Moving Across the Globe
AMERICAN IN VIENNA
oving to a foreign country is above all an adventure.
It’s glamorous, exciting and rewarding—but it also comes with challenges. When you’re thousands of miles away from friends and family, don’t speak the local language very well and feel like you’re out of step with the culture’s customs, it can be an overwhelming experience.
I’ve been there. I threw myself into the deep end two years ago, moving from Connecticut to Vienna without much planning or expectation. It was an emotional whirlwind and I felt totally uprooted. I was tempted to go home, but slowly I put down new roots, founded a community of English-speaking women and rediscovered my own strength.
Going through the process of adjusting to life here in Vienna taught me a lot about myself and what I need to do to feel empowered, no matter where I am. Below I’m sharing five ways to feel at home in a foreign land, so that you might find your footing even faster than I did.
What to Expect
The more you know going in, the less intense the culture shock will be. One of the most supportive things you can do for yourself before moving to a new place is research. Create a document (or have your assistant do it) that tells you all about the local culture and customs, any laws you need to know, the country’s basic history and politics and the typical diet. Source recommendations for where to shop for healthy food, which doctor and gynecologist to go to, etc. You’ll also want to know how the system there works, from visas and paperwork, to when stores are open, to transportation options and car services.
It’s so essential to connect and meet with people who are in the same boat as you, who have experience in this new place and are willing to answer your questions, lend an ear, or be a friend. Not only will you feel a sense of belonging, but you’ll become more grounded and emotionally stable. Today it’s easy to find a community online and in person. Facebook has one of the best platforms for expat groups, as well as Meetup.com and Internations.org. Connecting specifically to a women’s group may be just what you need to feel at home. And if you can’t find one in your area, start one yourself! You may be surprised by the growth and support of it.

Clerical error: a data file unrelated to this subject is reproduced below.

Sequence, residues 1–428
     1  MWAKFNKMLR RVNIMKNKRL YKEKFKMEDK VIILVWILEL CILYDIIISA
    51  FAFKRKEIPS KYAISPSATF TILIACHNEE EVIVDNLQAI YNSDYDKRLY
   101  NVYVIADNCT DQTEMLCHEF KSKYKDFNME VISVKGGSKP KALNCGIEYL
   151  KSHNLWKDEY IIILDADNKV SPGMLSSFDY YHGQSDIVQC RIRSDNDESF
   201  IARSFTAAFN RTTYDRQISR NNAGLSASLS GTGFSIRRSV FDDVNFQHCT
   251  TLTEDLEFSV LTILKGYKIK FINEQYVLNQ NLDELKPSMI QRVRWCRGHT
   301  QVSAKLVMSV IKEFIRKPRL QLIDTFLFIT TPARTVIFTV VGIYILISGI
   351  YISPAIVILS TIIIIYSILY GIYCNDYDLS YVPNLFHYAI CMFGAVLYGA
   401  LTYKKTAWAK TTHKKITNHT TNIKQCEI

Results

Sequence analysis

It may feel like you have to start all over in creating a new routine for yourself. Now more than ever, the important thing is to make sure that your emotional and physical wellbeing are prioritized. Make eating nutritiously and exercising regularly a non-negotiable. I also recommend committing to blogging or journaling to consciously work through all the changes in your life. Always stay solutions-oriented as you vent your frustrations over living in a new place—overcoming these challenges is part of your journey and the wisdom you will gain in the process will be totally worth it!
Stay Present & Love
Where You Are
No matter how much you prepare yourself beforehand, adjusting and feeling comfortable in a new place will take time. You’ve gone from the familiar to the unknown, so it’s normal to feel anxious, lonely, or homesick. Even when you’re halfway around the world, there are always people, places, sights and smells that trigger pangs of nostalgia and longing. When it happens, just breathe, let the thought go and realize that this time of adjustment is NORMAL and that everyone who moves to a foreign country goes through it. Acknowledge your emotions, but keep your head in the here and now. It’s okay to allow yourself to miss home, as long as you also make an effort to focus on what you love and appreciate about where you are right now.
Staying connected to what’s going on back home is a great way to establish a sense of grounding. Try committing to a routine, like spending certain mornings listening to your favorite radio station or reading your usual newspaper online. Schedule daily or weekly Skype chats with friends and family, send regular letters and postcards, or request your favorite products and treats from home. It may be painful sometimes to be so far from your old life, but with consistent communication you can find strength in your loved ones and still be there for them as well.